We want to give our catchment communities the opportunity to help develop an action plan for improving water quality, and take ownership of outcomes - Papanui catchment, other subcatchments.
We want to give our catchment communities the opportunity to help develop an action plan for improving water quality, and take ownership of water quality outcomes to avoid the possibility of further limits or land use restrictions in the future.
Members of our Land Management team have been working with others in the Papanui, Tukipo, Maharekeke, Porangahau, and Kahahakuri sub-catchments to meet PC6 requirements.
The Papanui Stream is a tributary of the Tukituki River near Otane and Te Aute. Work underway in the Papanui will help to guide the approach taken in other priority sub-catchments.
See the Draft Papanui Strategy in Related Documents below.
The Papanui is one of five Tukituki sub-catchments identified as having high levels of phosphorus. It has the highest level of dissolved phosphorus of all the Tukituki subcatchments. It also has high levels of bacterial and sediment contamination, and therefore poor ecological health.
We want to give the catchment community the opportunity to help develop an action plan for improving water quality, and take ownership of water quality outcomes to avoid the possibility of further limits or land use restrictions in the future.
the Regional Council has studied the Papanui catchment and developed a computer model to predict the risk of phosphorus loss across the landscape. A water sampling programme has identified and quantified the contribution of phosphorus from different areas within the catchment. This included monitoring of 32 surface water sites and 12 ground water sites for water quality indicators including phosphorus concentrations.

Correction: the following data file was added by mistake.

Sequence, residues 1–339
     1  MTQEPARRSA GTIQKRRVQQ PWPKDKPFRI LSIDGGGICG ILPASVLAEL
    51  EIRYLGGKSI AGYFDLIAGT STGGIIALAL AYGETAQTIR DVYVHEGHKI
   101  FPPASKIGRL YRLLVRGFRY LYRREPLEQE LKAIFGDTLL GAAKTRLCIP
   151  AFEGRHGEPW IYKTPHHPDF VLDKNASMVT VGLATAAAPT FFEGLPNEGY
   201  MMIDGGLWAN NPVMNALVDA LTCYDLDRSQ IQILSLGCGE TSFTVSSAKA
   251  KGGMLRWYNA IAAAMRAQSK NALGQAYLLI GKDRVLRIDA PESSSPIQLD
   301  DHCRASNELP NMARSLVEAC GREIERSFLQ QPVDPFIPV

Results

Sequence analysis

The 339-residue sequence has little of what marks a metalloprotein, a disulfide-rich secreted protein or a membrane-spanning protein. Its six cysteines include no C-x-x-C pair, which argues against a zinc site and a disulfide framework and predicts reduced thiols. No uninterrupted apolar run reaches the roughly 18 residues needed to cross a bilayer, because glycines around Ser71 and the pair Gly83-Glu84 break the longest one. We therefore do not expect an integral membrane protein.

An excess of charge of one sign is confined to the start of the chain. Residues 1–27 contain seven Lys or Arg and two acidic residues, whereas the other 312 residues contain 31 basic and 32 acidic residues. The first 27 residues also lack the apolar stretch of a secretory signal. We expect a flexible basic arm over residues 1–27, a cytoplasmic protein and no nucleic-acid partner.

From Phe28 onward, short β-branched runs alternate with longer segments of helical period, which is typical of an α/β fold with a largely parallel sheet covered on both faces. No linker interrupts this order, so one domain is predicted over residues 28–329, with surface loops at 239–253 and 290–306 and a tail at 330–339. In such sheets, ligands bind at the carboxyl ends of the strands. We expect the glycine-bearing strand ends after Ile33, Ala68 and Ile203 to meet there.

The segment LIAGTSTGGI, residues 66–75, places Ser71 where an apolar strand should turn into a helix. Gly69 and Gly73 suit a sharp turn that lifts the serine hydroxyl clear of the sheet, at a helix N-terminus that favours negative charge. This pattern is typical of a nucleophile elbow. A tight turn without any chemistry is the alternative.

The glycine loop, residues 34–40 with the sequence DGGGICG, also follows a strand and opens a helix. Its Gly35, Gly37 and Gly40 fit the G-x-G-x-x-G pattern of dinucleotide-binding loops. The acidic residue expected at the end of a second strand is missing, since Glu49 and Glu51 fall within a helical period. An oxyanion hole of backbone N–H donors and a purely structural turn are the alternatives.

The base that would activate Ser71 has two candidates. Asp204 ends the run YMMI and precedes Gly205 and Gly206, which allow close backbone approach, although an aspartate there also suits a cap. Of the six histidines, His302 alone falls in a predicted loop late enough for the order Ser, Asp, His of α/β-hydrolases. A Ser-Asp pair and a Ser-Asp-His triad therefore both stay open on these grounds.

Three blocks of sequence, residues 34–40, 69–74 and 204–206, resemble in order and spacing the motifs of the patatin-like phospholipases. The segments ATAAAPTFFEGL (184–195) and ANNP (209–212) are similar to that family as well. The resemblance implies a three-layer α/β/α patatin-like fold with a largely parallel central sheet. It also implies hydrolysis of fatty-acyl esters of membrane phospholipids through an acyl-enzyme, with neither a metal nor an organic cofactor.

A detailed soil survey of the Papanui catchment has also been completed and comprehensive soil information at farm scale is now available online.
A strategy is required to guide the delivery of catchment outcomes for the Papanui. This includes meeting the Plan Change 6 water quality targets, but also recognising the wider values and aspirations of the catchment community. Having a strategy will also enable the Regional Council to target effort and any resource investment to best effect.
Information from science investigations and local knowledge was used to develop a draft catchment management strategy and identify priority actions.
A catchment focus group, consisting of landowners and local taiwhenua, provided local input into the development of a draft catchment management strategy which was published in November 2015. This was sent to all catchment landowners affected by Plan Change 6 and presented at a public meeting on 2 December 2015.
As well as provide input into the Papanui Catchment Strategy, the role of the catchment focus group is to:
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